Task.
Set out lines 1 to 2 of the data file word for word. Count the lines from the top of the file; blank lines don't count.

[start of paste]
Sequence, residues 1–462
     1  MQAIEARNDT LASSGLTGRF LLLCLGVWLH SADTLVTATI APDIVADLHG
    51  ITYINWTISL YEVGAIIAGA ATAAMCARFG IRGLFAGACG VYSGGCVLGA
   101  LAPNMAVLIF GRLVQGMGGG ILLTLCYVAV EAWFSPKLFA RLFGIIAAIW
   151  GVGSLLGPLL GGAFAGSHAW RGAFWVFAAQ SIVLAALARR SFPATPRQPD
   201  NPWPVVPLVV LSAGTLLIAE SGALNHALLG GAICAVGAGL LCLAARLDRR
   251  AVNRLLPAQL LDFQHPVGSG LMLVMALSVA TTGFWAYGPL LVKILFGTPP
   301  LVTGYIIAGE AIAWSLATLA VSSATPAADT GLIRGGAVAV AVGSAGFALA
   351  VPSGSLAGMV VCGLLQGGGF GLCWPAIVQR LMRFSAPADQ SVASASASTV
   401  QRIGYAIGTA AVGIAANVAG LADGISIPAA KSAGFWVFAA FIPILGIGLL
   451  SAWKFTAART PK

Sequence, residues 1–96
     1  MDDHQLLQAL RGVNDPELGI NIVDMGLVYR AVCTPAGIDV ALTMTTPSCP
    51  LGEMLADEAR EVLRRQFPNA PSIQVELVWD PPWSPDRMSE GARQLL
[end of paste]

Sequence, residues 1–462
     1  MQAIEARNDT LASSGLTGRF LLLCLGVWLH SADTLVTATI APDIVADLHG